In a revealing announcement, organizers Pipeline Productions point to “unsavory” partners as the primary reason for the hiatus, noting legal action is being pursued.
“Further, we have found that the universe is often much more effective in dealing with these perpetrators than the legal system,” they added.
Pipeline was forced cancelled their two other festivals earlier this year: Thunder on the Mountain, a country music festival scheduled for late June, and Harvest Music Festival, which had just merged with Phases of the Moon Music and Art Festival. A key road closure due to weather damage near the festival site also created challenges for travel to and from Wakarusa.
Organizers vow to eventually bring the festival back to Mulberry Mountain and ask fans to share their positive energy.
“We know the world is a better place when there is more music and more love.”
See the full announcement text below:
It is with a heavy heart that we must inform you that Wakarusa will take 2016 off.
Wakarusa has been a labor of love for all of us these last twelve years. We have been defiantly independent and unique since our inception. Together we created a magical 5 day event that stood out from the rest. We’ve taken great pride in what we’ve created with you and for you over the last decade plus. The Waka community (friends, family, fans, musicians, artists, performers, volunteers, staff) has really been the heart and soul of what Wakarusa IS. This community shares a natural passion for what is truly genuine. Wakarusa is wonderfully original – it is organic, mystical and always marvelously weird, and like Wakarusa, you too are decidedly different and perfectly magnificent.
As such, you deserve to know the principal reason behind our hiatus:
Wakarusa was significantly damaged by partners claiming to share our vision. Sadly, they lied. They are being dealt with appropriately through the legal system. Further, we have found that the universe is often much more effective in dealing with these perpetrators than the legal system. Regardless, it is our sincere hope and anticipation that what we have built together – we will once again enjoy on our beloved and magical mountain.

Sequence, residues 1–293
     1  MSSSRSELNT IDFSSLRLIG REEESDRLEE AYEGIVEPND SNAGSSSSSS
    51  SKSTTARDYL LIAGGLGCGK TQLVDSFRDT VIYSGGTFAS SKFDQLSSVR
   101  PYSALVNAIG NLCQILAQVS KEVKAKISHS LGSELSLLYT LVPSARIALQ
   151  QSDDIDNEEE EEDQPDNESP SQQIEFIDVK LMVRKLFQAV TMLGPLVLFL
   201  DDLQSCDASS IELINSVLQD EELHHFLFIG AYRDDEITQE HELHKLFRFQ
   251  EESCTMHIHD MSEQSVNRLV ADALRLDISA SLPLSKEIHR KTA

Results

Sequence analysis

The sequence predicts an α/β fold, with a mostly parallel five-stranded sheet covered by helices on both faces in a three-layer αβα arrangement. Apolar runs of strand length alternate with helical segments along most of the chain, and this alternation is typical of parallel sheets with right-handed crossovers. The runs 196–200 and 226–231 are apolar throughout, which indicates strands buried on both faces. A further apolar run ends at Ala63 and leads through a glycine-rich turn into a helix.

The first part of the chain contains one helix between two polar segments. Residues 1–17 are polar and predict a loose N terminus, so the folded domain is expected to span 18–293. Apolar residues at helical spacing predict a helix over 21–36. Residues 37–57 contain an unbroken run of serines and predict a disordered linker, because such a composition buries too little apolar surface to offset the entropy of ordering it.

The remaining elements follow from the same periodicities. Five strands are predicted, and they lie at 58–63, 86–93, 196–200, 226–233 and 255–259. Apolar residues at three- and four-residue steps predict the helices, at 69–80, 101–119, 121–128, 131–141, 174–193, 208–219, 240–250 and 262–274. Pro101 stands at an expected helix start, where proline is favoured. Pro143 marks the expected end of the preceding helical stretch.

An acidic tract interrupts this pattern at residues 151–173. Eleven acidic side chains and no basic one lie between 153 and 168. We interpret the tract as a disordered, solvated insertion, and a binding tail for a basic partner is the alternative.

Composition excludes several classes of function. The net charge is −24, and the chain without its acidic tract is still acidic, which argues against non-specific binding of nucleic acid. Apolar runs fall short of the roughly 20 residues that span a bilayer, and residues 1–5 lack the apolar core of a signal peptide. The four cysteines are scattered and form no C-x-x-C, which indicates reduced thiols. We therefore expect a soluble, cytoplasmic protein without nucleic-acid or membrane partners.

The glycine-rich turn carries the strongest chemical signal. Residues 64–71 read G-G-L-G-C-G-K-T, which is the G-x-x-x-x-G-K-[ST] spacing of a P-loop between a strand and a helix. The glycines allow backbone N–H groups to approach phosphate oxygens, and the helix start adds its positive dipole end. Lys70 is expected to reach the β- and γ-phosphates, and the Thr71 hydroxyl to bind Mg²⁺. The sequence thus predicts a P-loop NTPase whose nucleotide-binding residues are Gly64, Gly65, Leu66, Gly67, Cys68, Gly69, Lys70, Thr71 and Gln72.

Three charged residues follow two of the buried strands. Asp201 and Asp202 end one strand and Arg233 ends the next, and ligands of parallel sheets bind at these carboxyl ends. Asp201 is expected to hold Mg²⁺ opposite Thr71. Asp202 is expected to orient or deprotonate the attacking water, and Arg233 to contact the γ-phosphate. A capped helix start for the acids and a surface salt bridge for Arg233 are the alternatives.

For now, we shall dust ourselves off. We must take time to recharge our faith and our energy. Passionate people do not throw in the towel because of a bump in the road. We look brightly toward the future. We will bring more music and more art and many more wickedly unrivaled memories. We know the world is a better place when there is more music and more love.
Our scrape with the unsavory has lead us to realize what is most important to us, which is all of YOU (you and you…and you too). So in our brief absence, please stay in touch and look out for each other. Take special care to really nurture what is most important in each of your lives. There is simply too much to be down or discouraged about in this world. Be the beacon of joy and hope – we need more of that in this world. So now we do ask that you share your positive energy with us. We’ll use it as our strength and inspiration to create an even better WAKA experience that is ever more magical. With your help, we will bring Wakarusa back to Mulberry Mountain.
Until then, be safe, spread your positivity and your light and remember to always remain marvelously weird!
Wakarusa was first held in Lawrence, Kan. in 2004 before moving to Mulberry Mountain in 2009. The festival is known for its combination of music and mother nature and showcases a variety of musical genres, including jam, electronic, indie, hip hop, and more.
Pipeline is one of the few remaining independent promoters in the music festival world. The group is also involved with the Bottleneck and the Granada venues in Lawrence, Kan., and CrossroadsKC in Kansas City.